November passed in Nahant Marsh with a crescendo into gold and the arrival and departure of a great many birds. The brief blaze of autumn colors as the green died away was a slow motion show nevertheless, as I watched flock after flock come in to rest and feed awhile.
Flock after flock would take off, too. I never could tell one flock from another of the same type of bird. Occasionally a distinct individual showed up. One greater white fronted goose stands out when hanging out with all those canada geese. So does a swan.
A single white fronted goose was seen out on the marsh for a few days. The lone swan stayed only an hour or so. After resting a bit, eating a bit, preening a bit then resting some more, the swan paddled the length of the marsh and back calling “woo” and listening for an answer.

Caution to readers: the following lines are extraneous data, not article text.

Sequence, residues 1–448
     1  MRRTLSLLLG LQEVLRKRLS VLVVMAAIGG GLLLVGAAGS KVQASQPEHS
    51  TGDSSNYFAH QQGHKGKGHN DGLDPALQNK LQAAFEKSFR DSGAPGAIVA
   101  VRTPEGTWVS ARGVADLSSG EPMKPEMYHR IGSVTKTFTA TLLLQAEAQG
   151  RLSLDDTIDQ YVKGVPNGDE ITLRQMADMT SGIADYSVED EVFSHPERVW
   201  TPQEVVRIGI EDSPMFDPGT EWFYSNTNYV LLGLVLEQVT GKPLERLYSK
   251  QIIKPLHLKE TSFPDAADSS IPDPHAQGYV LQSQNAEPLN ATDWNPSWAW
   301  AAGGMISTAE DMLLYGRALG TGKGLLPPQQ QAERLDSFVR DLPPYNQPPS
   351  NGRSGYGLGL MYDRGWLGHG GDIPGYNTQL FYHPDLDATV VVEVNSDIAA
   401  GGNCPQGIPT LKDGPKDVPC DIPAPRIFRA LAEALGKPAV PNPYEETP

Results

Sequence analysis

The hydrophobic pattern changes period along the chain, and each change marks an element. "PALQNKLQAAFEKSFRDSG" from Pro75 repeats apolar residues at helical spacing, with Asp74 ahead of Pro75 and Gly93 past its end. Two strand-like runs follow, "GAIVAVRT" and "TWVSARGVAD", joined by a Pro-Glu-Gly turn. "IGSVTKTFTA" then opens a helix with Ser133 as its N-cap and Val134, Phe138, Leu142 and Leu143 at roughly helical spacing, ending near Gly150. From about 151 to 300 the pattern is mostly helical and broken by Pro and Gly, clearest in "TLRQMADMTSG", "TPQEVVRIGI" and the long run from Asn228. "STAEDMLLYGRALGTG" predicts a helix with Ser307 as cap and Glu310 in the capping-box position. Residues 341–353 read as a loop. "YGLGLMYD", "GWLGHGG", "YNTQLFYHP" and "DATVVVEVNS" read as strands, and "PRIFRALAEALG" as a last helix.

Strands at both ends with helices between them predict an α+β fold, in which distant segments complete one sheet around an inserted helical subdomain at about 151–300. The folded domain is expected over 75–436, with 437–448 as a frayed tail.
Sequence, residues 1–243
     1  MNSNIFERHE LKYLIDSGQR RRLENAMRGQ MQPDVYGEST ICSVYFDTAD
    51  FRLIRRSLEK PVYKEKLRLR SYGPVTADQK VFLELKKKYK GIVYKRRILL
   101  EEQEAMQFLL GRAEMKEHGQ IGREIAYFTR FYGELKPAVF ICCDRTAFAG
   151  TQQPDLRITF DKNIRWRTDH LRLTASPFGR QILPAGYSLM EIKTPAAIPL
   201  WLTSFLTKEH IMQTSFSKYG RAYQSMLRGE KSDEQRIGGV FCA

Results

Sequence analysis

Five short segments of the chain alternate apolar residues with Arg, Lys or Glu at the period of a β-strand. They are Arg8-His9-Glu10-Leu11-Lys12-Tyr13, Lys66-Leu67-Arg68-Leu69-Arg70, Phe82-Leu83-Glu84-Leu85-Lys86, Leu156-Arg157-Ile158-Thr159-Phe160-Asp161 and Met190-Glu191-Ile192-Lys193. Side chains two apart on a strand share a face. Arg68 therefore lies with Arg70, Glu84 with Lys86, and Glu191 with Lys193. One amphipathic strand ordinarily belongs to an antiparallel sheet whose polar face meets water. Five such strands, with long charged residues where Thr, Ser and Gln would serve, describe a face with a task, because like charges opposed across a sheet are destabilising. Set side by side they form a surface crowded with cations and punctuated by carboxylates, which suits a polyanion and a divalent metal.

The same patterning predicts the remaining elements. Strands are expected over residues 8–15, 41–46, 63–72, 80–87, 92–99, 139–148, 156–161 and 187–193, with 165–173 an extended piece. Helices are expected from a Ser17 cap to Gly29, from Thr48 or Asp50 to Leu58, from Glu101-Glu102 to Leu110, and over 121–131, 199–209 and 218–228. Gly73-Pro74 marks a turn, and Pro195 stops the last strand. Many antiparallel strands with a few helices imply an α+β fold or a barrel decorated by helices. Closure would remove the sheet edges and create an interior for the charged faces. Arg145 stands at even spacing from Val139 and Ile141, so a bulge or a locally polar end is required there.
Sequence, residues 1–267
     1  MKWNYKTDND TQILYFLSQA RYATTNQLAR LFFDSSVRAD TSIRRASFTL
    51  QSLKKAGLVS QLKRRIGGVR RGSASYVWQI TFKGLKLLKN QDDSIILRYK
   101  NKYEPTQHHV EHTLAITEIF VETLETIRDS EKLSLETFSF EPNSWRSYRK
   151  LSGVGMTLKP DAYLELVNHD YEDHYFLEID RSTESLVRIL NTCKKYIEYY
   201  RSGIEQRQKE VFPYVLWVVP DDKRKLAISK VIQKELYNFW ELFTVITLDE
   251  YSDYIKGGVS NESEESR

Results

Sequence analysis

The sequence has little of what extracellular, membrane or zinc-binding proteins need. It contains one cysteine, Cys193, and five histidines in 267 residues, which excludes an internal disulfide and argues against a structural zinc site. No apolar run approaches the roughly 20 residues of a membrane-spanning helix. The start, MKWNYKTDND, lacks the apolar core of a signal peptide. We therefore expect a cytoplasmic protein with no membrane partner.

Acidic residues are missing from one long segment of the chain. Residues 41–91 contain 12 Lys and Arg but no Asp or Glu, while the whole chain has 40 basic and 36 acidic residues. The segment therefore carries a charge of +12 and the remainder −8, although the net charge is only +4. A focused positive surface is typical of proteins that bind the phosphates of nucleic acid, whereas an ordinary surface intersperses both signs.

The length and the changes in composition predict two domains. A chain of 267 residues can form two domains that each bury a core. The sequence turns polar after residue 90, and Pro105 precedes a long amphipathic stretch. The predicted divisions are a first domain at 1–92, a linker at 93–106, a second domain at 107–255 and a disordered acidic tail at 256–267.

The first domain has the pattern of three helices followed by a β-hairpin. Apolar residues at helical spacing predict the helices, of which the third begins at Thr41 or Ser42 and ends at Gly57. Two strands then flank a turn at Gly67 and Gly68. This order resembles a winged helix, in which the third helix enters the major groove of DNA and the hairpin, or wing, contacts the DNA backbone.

After a time the swan ran across the surface of the water and flew off. Although I’m not sure if that’s because another swan was heard or because one wasn’t, it did seem that the swan was looking for others.
The gold of autumn drained away quickly on the stiff winds and cold rains of November. The birds have not yet all gone however. Ice has crept and leaped across the water, pushing the remaining birds to the open pools and the still unfrozen river. The ice has apparently claimed the more northern waters, too, because the big trees lining the riverbanks are once again full of wintering eagles.